It’s not hard to grasp her point: attendees at the city’s unlicensed parties demand a lot from events. One promoter, who asked to remain anonymous, explained that self-regulation has been a cornerstone since a fatal fire at a rave decades ago. And pride in what they do means the crews responsible really understand the importance of attention to detail. That techno tunnel, its production levels and clear safety precautions, is a case in point – one we have first-hand experience of.
But while Way Out West’s exceptional organisation, great atmosphere and incredible design fit with Gothenburg’s approach to throwing parties, it should do more to celebrate the city’s abundant dance music bounty. And the possibilities for this are huge.
“Even though, year after year, they do keep booking a small part of the Gothenburg repertoire, if it’s a festival that’s in Gothenburg it would be good to have a lot of local representation as well,” agrees DJ Lily.
“It would be fantastic to see a whole conference part of it that would be more about meeting. They do have this a little, and I know it’s evolving so I’m looking forward to that, but I think the electronic music part could always use some extra room. I would love to meet more people and have more about the industry.”
Over at Hotel Pigalle a solution might be emerging, again fuelled by a self-starting attitude. Throughout summer BROR has been co-hosting terrace parties here with Hokus Pokus, a club night promoting female and non-binary acts. In honour of Way Out West professionals and punters are mingling and dancing at this boutique rooftop on Thursday and Friday, with tracks from Cari Lekebusch and Aleksi Perälä served alongside fine cuisine, cocktails, and a smoke machine.
“For me it’s such an unexpected venue to bring that kind of music,” says Hokus Pokus’ Christine Friburg of the Pigalle concept. “My friends have been saying to me, ‘It feels so surreal – taking a fancy elevator up to a penthouse to listen to one of my favourite techno DJs’.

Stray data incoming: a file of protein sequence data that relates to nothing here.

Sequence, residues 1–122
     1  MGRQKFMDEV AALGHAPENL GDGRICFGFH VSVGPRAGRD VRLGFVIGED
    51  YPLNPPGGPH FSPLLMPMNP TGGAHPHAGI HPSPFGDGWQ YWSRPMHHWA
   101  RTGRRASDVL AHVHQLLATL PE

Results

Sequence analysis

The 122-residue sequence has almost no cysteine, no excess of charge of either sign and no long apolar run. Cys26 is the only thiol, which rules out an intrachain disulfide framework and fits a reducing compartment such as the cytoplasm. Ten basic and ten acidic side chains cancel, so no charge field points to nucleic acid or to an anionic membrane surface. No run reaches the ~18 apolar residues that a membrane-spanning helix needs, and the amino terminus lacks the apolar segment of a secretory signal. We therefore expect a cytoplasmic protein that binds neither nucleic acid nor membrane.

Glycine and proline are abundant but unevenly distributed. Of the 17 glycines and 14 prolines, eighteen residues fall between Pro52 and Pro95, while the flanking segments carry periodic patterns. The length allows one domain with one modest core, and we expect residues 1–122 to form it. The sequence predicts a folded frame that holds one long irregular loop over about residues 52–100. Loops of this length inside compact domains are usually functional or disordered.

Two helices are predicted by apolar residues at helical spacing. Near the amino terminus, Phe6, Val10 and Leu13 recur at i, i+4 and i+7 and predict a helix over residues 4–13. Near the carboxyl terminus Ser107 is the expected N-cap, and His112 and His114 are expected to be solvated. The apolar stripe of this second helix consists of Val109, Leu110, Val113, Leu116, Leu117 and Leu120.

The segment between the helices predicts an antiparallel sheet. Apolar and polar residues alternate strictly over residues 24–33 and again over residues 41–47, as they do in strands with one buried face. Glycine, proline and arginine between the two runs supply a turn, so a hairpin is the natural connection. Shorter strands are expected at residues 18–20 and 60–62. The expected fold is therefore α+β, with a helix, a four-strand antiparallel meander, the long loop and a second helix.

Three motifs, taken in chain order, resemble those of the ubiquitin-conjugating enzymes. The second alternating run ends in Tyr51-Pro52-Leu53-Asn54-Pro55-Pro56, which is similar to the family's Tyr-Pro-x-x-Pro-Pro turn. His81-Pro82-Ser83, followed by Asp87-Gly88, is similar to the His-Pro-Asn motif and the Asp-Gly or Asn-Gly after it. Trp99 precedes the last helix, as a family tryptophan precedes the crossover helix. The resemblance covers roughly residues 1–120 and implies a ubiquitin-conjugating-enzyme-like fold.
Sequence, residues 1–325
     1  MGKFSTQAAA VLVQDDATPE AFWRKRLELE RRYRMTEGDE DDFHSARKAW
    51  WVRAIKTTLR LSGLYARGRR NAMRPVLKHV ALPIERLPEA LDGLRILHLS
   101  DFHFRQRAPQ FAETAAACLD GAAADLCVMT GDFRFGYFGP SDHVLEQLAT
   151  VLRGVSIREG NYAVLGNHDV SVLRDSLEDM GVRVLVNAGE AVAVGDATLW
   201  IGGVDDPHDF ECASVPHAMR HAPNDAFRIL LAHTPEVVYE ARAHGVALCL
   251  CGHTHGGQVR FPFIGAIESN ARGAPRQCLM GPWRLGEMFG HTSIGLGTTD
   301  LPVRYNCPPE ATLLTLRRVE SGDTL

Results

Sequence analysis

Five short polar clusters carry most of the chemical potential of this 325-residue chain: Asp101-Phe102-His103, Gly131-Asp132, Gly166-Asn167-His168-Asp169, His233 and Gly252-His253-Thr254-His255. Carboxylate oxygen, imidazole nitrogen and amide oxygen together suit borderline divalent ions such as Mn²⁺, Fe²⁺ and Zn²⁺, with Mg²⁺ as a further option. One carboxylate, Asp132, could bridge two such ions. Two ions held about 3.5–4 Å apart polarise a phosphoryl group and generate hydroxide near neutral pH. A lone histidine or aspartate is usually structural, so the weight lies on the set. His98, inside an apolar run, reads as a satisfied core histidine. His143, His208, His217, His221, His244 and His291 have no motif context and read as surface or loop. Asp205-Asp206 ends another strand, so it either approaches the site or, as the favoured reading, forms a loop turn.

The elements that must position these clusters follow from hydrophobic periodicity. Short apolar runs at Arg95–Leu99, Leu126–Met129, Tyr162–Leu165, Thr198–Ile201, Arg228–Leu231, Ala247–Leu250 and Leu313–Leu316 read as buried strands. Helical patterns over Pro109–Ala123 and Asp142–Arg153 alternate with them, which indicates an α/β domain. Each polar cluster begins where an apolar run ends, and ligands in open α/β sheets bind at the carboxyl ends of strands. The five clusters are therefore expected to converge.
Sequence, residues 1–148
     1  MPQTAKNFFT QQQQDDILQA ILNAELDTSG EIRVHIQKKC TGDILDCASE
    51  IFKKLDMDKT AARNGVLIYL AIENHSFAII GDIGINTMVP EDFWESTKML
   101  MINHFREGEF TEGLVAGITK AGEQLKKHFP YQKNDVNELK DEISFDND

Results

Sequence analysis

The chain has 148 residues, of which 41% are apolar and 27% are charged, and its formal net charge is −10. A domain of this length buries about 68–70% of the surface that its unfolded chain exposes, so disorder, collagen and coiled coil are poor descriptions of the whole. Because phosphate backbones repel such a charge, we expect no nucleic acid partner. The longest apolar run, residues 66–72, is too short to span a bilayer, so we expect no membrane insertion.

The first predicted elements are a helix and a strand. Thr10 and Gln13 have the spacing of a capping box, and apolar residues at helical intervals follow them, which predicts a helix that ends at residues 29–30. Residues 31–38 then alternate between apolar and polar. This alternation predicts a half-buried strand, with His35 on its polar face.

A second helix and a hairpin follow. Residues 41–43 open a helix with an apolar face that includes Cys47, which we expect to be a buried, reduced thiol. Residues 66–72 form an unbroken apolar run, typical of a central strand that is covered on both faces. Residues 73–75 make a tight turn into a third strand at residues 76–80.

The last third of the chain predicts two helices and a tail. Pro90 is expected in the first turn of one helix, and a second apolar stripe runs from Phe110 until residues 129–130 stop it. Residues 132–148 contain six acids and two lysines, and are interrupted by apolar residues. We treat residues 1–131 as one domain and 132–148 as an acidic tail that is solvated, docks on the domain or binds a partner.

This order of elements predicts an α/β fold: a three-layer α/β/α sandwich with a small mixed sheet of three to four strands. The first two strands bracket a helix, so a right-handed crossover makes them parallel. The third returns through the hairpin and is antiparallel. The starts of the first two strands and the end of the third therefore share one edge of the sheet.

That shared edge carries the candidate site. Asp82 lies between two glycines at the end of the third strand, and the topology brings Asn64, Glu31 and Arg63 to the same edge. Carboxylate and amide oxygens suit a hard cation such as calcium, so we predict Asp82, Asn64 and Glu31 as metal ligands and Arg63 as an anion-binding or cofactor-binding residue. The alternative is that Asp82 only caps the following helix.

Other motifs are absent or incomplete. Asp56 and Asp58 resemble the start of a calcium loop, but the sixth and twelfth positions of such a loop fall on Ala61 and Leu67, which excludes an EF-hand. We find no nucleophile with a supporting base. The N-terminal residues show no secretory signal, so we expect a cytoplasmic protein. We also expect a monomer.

“[Hokus Pokus] started out like a regular club, but the place where I had it closed, so I took it underground,” she continues. “Then it kind of became sometimes an underground party, sometimes a club, so it actually brought more people in to experience both.”
Her words highlight how the city’s musical landscape benefits when there are more opportunities for interaction – and the vulnerability of the licensed club scene. As does the story of Mythos, a legendary warehouse that could have been the focal venue Gothenburg lacks. Restrictions on the number of invite-only events forced things overground, the costs of meeting regulations led to its eventual closure.
Even without interference the underground is not immune to such problems. Jens Wickelgren AKA Enmetertre, head of Jens Records, plays back-to-back with label-mate and friend Pontus Björland at the hotel. After they finish a stellar set of acid, broken electro and off-kilter house they tell us about their unlicensed spot, UFO Studies. An old wooden house surrounded by industrial buildings, they eventually had to put their Martin Audio rig into storage as tight profit margins required more events than was feasible to keep it alive.
The title of their imprint’s latest EP, ‘Music Of UFO Studies’, highlights how partying in Gothenburg is a deeply personal activity for everyone. Events are only possible because of this passionate community’s love and dedication, but the incredible scene exists despite limited support from big platforms and difficulties retaining spaces. The resulting DIY spirit is enviable, infectious and priceless, but we can’t help wonder what things could look like if Gothenburg’s underground was given the chance to fully realise its potential.